From “Dreams of Better Schools,” a review of two new books on American education in The New York Review of Books comes this gem on continuities in public education policy over the last nine years:

So it is all the more remarkable that it was under George W. Bush, a president full of platitudes about the virtue of local autonomy and the folly of “big government,” that Washington entered the field of public education more aggressively than ever before. The No Child Left Behind Act of 2002, supported by many liberal Democrats, notably the late Senator Edward M. Kennedy, required that states institute standards defining what students must learn grade by grade, test student achievement school by school and district by district, and improve—or, in the absence of improvement, eliminate—schools that fail to meet the standards.

In general, the Obama administration remains committed to such mandates. As part of the “stimulus package,” it has announced plans for dispensing some $4 billion on a competitive basis to states that adopt what Secretary of Education Arne Duncan calls “common, internationally benchmarked K–12 standards.” The new initiative is called “Race to the Top,” and one of its provisions encourages the growth of charter schools that are exempt from many of the regulations governing the hiring, firing, and promotion of teachers, and whose charters are subject to revocation depending on performance as measured chiefly by test results.

So the new boss is not that different from the old boss, educationally-speaking. Tenure is under attack everywhere, by everyone. Republicans like doublespeak. Shocking claims, I know.

But here’s the part that really gets me riled up:

Rose, by contrast, observes a gifted teacher reading a story called A House for Hermit Crab with her first-grade students. She has furnished the classroom (probably at her own expense) with a glass case containing live crabs, and has the students watch their behavior in different environments—cold water, warm water, dry surfaces—and then write about what they have seen. The exercise helps them learn how “to observe closely and record what they see, to form hypotheses, to report publicly on their thinking, to gain the feeling of being knowledgeable.” And it is also an introduction to the pleasure of writing as an act of communication. For Rose, a good teacher can turn almost any material to good use.

To which this professor of English literature replies: would it kill you to use literature to teach literature–instead of using it as a mere gateway to science or social studies?

A lot of people rightly note that some college-professors cop-out of their responsibilities as teachers by blaming primary and secondary schoolteachers. Of course this happens. But on the other hand, it’s easy to take that stance too far. As a teacher who wants to teach his students as they come to him, it seems useful to think critically about the kinds of training they’ve had before they walk through my door. You do this not to sling blame, but to try to understand what they’ve taught your students so that you can build on it.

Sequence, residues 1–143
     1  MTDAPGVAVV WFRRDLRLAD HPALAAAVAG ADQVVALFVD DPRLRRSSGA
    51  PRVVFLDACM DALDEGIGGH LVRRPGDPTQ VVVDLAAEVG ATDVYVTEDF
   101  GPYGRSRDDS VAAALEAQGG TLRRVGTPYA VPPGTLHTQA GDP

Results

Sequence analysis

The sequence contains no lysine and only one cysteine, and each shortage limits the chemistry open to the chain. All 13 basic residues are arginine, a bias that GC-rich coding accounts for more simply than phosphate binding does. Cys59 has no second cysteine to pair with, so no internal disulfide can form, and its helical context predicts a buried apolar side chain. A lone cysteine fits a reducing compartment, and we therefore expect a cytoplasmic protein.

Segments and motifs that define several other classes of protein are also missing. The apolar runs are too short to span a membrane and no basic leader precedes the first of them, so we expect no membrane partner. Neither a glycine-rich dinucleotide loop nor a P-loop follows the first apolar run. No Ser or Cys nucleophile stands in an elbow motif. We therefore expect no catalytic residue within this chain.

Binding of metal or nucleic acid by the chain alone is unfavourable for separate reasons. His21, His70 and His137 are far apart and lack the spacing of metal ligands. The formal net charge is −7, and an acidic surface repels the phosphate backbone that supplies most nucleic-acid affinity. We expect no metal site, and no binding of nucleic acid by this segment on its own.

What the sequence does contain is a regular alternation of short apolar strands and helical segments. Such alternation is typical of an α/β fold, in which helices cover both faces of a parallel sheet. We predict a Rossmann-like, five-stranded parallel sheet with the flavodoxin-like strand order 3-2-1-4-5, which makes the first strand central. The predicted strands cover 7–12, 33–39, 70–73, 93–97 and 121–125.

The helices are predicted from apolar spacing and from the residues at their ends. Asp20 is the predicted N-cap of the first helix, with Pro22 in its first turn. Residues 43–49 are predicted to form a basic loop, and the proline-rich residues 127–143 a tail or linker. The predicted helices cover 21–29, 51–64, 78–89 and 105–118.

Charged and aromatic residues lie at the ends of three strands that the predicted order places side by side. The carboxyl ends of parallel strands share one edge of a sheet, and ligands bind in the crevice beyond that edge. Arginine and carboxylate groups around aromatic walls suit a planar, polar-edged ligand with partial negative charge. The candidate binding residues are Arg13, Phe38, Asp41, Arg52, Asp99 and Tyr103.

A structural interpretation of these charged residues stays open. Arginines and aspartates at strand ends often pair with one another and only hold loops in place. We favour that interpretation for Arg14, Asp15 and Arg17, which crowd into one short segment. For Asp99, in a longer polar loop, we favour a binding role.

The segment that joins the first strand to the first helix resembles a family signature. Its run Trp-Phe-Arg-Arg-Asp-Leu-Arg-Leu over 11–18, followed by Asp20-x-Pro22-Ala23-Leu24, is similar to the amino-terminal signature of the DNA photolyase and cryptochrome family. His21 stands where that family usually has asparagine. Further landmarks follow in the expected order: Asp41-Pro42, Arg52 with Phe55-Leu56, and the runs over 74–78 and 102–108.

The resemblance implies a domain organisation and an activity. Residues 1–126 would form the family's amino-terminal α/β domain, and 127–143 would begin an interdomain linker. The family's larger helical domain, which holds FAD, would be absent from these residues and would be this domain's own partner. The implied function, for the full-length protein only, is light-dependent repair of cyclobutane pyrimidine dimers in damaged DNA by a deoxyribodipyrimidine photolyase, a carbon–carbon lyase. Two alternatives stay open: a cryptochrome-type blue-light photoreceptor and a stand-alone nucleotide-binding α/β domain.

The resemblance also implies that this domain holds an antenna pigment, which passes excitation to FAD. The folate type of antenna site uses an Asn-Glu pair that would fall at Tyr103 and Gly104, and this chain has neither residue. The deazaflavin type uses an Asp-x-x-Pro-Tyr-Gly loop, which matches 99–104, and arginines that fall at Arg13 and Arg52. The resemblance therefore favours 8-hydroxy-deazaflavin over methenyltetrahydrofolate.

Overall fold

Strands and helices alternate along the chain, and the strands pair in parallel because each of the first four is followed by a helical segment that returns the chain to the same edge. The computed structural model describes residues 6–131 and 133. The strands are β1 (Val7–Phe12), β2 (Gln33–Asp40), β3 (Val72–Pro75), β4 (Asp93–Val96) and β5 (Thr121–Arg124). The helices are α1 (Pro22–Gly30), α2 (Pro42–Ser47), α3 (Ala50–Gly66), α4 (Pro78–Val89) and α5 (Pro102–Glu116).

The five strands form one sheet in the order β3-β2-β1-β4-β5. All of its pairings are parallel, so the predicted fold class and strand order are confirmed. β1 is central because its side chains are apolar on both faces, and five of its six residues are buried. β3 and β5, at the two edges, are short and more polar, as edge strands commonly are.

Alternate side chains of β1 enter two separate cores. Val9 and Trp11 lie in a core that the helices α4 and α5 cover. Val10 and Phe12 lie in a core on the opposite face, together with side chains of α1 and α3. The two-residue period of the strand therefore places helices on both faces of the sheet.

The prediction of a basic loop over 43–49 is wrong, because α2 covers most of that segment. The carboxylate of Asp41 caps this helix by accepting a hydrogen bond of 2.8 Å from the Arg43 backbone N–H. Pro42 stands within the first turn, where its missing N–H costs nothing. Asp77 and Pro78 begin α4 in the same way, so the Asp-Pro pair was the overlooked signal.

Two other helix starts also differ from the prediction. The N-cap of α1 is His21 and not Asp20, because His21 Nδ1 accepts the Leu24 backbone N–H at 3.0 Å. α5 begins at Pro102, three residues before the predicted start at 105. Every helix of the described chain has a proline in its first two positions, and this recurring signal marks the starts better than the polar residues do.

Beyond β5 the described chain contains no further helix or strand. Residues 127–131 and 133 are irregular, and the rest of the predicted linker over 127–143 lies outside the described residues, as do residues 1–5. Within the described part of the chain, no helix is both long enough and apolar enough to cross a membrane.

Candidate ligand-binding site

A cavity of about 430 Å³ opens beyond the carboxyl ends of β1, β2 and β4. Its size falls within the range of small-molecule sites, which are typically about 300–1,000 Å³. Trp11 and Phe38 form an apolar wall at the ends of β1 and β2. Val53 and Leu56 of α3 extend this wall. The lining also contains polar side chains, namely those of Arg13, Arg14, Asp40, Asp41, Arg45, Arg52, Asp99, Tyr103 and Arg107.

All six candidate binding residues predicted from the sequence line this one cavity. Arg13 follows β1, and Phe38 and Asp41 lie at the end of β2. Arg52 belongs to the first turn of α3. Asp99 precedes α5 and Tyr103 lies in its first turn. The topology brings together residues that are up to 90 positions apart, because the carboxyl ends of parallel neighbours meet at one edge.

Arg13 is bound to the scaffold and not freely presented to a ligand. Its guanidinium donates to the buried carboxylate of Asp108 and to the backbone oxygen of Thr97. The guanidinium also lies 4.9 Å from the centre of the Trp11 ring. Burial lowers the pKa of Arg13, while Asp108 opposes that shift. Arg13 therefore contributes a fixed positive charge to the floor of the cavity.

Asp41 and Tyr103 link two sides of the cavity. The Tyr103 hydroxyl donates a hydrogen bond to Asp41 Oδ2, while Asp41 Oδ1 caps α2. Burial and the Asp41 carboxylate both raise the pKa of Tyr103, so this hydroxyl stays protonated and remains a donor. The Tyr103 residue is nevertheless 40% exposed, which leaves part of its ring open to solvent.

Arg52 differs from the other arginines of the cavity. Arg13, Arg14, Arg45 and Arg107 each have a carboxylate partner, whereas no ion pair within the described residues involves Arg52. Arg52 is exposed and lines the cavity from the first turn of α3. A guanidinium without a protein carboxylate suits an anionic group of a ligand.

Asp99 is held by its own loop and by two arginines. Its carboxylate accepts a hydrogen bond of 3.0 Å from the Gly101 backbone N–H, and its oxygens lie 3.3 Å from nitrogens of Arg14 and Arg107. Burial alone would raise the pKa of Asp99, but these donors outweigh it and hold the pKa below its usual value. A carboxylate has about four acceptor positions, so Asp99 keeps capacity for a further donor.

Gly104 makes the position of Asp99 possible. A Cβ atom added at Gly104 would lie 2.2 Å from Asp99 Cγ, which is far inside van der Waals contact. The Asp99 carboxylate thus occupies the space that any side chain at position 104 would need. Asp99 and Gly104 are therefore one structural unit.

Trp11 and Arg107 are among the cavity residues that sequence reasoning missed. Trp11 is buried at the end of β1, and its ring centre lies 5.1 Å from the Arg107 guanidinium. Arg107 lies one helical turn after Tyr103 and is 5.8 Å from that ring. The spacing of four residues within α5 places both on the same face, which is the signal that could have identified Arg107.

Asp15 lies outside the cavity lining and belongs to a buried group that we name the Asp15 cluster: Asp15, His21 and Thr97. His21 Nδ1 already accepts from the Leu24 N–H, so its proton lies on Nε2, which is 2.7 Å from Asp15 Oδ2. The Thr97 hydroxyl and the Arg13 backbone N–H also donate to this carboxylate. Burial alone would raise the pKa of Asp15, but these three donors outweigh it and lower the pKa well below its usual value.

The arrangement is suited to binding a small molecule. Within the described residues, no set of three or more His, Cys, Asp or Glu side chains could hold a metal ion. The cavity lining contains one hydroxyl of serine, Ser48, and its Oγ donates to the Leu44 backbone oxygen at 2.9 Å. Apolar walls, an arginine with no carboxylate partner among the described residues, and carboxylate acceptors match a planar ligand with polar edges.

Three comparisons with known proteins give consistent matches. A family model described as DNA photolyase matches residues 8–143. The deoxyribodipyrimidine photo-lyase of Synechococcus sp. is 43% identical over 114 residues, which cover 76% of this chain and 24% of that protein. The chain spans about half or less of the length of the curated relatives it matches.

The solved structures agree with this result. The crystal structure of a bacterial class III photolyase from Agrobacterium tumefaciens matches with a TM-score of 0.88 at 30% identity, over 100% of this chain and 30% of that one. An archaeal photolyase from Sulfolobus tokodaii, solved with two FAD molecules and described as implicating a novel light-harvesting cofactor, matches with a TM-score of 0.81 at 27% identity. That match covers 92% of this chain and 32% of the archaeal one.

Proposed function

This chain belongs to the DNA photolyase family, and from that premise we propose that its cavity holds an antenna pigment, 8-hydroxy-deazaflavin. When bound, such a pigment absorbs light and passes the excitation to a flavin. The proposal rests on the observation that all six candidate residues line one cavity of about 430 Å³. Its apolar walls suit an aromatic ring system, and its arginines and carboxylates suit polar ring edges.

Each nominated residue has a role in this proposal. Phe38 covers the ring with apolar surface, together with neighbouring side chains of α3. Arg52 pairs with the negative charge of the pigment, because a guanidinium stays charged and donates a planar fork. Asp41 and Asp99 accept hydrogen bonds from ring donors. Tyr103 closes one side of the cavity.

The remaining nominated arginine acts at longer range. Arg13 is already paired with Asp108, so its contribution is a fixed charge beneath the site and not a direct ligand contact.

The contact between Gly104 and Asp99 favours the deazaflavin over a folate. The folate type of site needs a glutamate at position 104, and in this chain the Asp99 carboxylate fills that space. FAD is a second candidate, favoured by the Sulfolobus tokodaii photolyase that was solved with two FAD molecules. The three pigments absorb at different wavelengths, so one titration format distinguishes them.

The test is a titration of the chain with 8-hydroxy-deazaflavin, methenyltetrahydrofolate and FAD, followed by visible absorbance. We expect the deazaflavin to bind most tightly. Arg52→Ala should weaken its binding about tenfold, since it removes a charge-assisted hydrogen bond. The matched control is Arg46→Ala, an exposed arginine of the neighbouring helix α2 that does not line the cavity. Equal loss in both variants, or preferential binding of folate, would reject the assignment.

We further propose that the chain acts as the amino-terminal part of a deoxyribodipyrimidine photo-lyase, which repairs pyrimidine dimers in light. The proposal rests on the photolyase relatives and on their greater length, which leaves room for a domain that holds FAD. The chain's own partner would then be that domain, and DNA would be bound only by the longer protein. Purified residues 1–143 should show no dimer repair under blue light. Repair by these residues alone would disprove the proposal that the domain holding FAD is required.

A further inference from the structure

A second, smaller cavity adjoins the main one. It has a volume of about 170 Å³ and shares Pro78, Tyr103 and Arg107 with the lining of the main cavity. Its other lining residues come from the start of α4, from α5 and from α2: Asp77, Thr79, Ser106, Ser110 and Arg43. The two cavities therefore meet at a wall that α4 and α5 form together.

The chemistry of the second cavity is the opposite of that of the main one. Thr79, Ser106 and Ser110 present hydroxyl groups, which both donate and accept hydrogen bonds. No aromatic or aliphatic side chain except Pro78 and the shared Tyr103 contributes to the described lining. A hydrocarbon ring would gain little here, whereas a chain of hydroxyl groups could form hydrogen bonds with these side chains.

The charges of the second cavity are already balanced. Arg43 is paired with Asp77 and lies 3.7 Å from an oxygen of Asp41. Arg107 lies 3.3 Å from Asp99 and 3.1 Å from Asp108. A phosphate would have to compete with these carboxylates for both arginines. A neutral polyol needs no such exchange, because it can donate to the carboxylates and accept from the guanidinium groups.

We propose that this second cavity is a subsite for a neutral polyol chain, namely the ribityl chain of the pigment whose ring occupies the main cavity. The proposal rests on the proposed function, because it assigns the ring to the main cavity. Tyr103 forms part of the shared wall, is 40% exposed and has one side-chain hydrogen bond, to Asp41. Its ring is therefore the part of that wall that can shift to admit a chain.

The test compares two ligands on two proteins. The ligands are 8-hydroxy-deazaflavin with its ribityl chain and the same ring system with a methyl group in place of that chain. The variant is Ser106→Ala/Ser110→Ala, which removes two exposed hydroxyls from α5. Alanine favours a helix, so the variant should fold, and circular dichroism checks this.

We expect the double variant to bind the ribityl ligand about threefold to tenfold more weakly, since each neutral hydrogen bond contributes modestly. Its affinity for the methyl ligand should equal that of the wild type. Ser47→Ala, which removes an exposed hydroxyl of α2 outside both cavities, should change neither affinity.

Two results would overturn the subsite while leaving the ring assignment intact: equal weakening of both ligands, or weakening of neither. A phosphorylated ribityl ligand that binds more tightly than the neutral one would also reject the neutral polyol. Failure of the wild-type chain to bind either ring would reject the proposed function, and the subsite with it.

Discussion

Sadly, when it comes to teaching literature and reading, the answer is too often “not much”:

Although stories and poems play a prominent role in the education of children, literature itself is rarely the subject of teaching–at least not in North America. Young children reading Charlotte’s Web might be asked to develop their language skills by inserting vocabulary words into webs made of twine and hung in the classroom, or to expand their creativity by exploring what it feels like to try looking radiant, or to build their knowledge by developing an interest in the habits of spiders. But in American and Canadian classrooms, they’re seldom asked, as they are more often in Britain, Australia, and elsewhere, to consider a text as a text–to explore the ways in which is provides the pleasures of literature we outlined in the previous chapter.

Even when texts aren’t being used at the basis for vocabulary or science lessons, study of them tends to focus on nonliterary concerns. Standard guides…define literature as vicarious experience that offers children insight into the feelings of others, as a transmitter of cultural heritage, and as a resource for the development of cognitive and linguistic skills. These guides say much about the usefulness of literature in teaching these subjects and skills but surprisingly little about literature itself, or about the means by which ardent readers respond to it, think about it, and take pleasure in it. In fact, the educational uses of these guides recommended in these guides distort the experience of reading in a way that might actually prevent children from enjoying it. Ardent adult readers of literature and children who happily read it on their own don’t often do so as a means of investigating spiders or of conscientiously setting out to learn how to be more tolerant or more imaginative….People who like reading literature read it, primarily, because they enjoy the experience of reading it. They like doing it in and for itself.
–Perry Nodelman and Mavis Reimer, The Pleasures of Children’s Literature, 3rd ed. (2002)

Of course, anyone who teaches in a university English department knows what comes next, regarding composition outcomes. I am not even going there.

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